image file: c7dt03319b-f11.tif
Fig. 11 Changes in speciation of Zn2+ and Cd2+ binding to apo-rhMT 1a as a function of pH. (A), (B) and (C) ESI-MS data recorded for a single Zn[thin space (1/6-em)]:[thin space (1/6-em)]MT ratio (≈2.5) at pH 4.5, 5.2 and 7.4 showing the redistribution of Zn2+ from primarily a clustered Zn4 species (with a significant fraction of apo-MT remaining) to a series of distributed, non-cooperative species at pH 7.4. (D, E, F, G and H) ESI-MS data recorded for a single Cd[thin space (1/6-em)]:[thin space (1/6-em)]MT ratio (≈2.5) at pH 5.0, 6.0, 6.7, 7.1, and 7.9 showing the redistribution of Cd2+ from primarily a clustered Cd4 species at pH 5 (with a significant fraction of apo-MT remaining) to a series of distributed, non-cooperative species at pH 7.9. Reproduced from ref. 52 with the permission of the Royal Society of Chemistry.

image file: c7dt03319b-f12.tif
Fig. 12 Summary of the trend in M4(SCYS)11 cluster formation as a function of pH for Zn-MT and Cd-MT showing the equilibrium between cooperatively formed clusters at low pH and a distributed, non-cooperatively formed species (“terminal coordination”) at neutral pH. Reproduced from ref. 52 with the permission of the Royal Society of Chemistry.
Determination of the binding constants for Zn2+ binding to MT. For many years the determination of the 7 Zn2+ binding constants for MT has proved challenging due to the lack of individually accessible chromophores. Krezel and Maret,131 through the use of FRET methods, determined 4 Kf values with some being averages of multiple binding constants (7 Kf values should theoretically be obtained). Again, the use of ESI-MS to distinguish individual MxMT species in solution and their relative abundance has allowed for more precise determinations. Around neutral pH, the metalation proceeds by the non-cooperative pathway. For each Zn2+ addition the Normal distribution of ZnxMT species shifts gradually towards saturated Zn7MT with each intermediate becoming the most abundant in solution at its corresponding molar equivalent (i.e. Zn3MT is the most abundant after 3 mol. eq. of Zn2+ had been added), Fig. 13.53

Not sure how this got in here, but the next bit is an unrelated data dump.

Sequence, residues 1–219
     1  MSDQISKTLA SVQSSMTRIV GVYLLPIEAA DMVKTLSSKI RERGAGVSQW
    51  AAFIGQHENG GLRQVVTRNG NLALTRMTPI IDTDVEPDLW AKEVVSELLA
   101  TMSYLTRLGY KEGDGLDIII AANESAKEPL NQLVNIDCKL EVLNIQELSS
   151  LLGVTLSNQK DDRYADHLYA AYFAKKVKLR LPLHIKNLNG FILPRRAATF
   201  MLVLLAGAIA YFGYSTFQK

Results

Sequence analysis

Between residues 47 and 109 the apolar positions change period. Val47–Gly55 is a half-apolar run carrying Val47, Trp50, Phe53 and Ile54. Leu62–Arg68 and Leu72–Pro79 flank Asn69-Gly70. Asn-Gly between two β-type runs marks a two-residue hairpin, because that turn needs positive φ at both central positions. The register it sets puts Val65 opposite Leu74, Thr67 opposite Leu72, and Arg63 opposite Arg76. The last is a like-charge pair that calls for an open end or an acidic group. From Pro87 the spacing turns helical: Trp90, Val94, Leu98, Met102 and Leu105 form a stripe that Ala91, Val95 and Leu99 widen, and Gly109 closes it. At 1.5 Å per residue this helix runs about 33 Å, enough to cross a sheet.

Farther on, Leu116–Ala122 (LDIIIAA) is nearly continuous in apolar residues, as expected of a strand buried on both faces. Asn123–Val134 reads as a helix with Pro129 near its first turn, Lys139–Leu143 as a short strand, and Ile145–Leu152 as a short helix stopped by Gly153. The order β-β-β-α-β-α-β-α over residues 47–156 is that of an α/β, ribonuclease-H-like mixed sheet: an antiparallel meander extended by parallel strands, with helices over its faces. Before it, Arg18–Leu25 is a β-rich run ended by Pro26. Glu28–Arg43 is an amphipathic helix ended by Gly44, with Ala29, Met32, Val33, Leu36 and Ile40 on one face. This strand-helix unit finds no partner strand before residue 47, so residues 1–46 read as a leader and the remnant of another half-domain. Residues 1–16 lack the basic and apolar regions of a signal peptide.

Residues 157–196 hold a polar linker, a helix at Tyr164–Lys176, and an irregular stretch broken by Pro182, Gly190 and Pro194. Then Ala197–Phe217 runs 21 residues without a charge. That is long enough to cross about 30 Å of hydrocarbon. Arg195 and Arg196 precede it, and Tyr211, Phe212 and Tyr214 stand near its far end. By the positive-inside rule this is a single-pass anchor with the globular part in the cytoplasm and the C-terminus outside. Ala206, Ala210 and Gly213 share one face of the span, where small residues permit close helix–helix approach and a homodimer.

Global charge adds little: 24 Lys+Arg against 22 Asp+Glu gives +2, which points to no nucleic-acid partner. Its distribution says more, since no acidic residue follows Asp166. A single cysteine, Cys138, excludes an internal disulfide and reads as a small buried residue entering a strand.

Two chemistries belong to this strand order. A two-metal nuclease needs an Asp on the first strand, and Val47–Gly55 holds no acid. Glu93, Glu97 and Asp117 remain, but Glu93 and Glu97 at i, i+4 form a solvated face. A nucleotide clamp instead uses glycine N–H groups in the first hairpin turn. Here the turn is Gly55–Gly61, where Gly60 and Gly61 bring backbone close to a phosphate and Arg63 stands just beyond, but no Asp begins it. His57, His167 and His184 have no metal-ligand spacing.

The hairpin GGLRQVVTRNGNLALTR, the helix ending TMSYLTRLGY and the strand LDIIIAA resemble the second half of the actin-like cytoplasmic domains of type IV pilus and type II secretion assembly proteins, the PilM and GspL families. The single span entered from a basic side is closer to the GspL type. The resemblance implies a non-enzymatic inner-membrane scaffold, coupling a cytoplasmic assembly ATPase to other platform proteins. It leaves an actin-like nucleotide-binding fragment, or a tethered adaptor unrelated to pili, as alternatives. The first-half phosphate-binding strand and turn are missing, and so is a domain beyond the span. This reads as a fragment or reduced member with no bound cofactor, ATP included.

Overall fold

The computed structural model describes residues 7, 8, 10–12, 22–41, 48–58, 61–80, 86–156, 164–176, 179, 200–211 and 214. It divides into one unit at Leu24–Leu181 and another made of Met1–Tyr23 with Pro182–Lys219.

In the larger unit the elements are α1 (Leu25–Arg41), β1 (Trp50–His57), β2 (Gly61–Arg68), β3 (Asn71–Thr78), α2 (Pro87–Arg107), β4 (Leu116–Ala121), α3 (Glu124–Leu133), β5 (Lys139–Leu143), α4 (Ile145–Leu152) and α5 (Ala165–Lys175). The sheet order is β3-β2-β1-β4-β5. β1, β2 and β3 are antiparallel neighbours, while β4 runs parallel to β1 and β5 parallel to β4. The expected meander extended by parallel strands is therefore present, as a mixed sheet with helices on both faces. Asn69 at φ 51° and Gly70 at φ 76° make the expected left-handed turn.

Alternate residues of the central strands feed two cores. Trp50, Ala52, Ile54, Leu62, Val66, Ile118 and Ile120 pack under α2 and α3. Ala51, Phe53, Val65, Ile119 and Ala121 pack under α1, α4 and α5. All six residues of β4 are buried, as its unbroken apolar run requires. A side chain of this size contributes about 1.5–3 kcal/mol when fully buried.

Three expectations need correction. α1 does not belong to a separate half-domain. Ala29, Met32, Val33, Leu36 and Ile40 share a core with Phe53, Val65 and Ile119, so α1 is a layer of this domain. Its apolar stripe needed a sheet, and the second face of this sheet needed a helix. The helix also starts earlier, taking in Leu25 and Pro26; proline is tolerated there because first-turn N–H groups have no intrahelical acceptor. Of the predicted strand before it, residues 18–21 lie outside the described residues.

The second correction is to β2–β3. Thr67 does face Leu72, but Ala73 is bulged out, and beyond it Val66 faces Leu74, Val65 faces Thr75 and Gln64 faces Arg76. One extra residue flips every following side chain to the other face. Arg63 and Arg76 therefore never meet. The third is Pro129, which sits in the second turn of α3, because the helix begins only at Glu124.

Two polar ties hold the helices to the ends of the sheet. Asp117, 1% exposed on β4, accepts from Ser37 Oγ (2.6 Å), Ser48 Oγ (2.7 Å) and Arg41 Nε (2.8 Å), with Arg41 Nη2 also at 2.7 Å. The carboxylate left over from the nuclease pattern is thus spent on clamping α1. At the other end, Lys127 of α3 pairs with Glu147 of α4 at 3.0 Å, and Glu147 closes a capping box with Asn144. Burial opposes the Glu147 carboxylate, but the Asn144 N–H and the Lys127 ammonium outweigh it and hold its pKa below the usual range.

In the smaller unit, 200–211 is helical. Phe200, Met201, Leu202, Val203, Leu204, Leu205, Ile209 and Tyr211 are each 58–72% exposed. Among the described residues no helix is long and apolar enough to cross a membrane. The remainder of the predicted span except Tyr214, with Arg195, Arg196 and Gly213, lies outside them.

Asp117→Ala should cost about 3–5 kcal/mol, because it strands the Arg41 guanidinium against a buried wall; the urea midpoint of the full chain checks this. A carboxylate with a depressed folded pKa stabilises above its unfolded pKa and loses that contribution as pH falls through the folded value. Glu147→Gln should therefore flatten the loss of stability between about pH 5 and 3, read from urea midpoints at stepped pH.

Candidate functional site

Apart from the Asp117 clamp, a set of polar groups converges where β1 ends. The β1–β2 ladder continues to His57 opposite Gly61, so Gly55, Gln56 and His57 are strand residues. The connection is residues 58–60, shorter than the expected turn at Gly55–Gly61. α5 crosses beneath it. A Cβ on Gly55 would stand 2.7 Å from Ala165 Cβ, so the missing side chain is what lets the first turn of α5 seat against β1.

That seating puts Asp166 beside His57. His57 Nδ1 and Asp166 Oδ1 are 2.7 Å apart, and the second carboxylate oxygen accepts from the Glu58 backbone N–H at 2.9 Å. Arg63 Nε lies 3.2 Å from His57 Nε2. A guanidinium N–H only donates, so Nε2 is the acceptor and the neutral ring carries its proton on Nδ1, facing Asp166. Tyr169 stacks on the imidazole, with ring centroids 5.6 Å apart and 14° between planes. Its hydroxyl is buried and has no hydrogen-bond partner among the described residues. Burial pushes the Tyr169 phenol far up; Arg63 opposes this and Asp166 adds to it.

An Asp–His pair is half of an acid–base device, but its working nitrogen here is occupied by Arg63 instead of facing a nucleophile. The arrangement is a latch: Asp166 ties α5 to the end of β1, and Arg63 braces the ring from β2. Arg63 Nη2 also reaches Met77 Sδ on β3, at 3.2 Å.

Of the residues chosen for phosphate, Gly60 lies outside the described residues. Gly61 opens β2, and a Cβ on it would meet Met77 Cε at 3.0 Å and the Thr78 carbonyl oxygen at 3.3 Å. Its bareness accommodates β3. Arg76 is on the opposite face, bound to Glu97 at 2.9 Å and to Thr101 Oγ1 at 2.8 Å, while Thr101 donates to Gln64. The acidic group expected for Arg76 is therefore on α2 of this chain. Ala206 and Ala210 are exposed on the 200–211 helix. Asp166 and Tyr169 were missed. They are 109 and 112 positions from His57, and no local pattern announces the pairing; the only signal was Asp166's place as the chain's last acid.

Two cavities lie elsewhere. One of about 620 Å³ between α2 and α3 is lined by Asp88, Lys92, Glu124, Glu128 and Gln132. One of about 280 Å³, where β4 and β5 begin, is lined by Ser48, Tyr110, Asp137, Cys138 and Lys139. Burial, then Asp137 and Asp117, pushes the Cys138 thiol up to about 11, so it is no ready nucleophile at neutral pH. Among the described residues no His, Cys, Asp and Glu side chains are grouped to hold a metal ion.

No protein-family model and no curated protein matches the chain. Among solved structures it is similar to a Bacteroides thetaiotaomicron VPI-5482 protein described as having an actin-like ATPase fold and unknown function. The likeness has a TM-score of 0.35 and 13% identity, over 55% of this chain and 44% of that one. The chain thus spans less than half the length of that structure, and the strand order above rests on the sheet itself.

image file: c7dt03319b-f13.tif
Fig. 13 Representation of the distribution of metalated Zn-species following the non-cooperative pathway, based on analysis of the abundances in the ESI mass spectral data. (A) Zn2+ titration of apo-α MT, (B) Zn-titration of apo-β MT and (C) Zn2+ titration of apo-MT 1A. The data show the presence of multiple species for every addition of Zn2+. The bar graphs are color coded as follows for each α-MT fragment (A), β-fragment (B) and full protein (C): RED – apo-protein; GREEN – species with 1 Zn2+ bound; PURPLE – species with 2 Zn2+ bound; BLUE – species with 3 Zn2+ bound; PINK – species with 4 Zn2+ bound; ORANGE – species with 5 Zn2+ bound; MAUVE – species with 6 Zn2+ bound; PURPLE – species with 7 Zn2+ bound. Reproduced from ref. 53 with the permission of the American Chemical Society.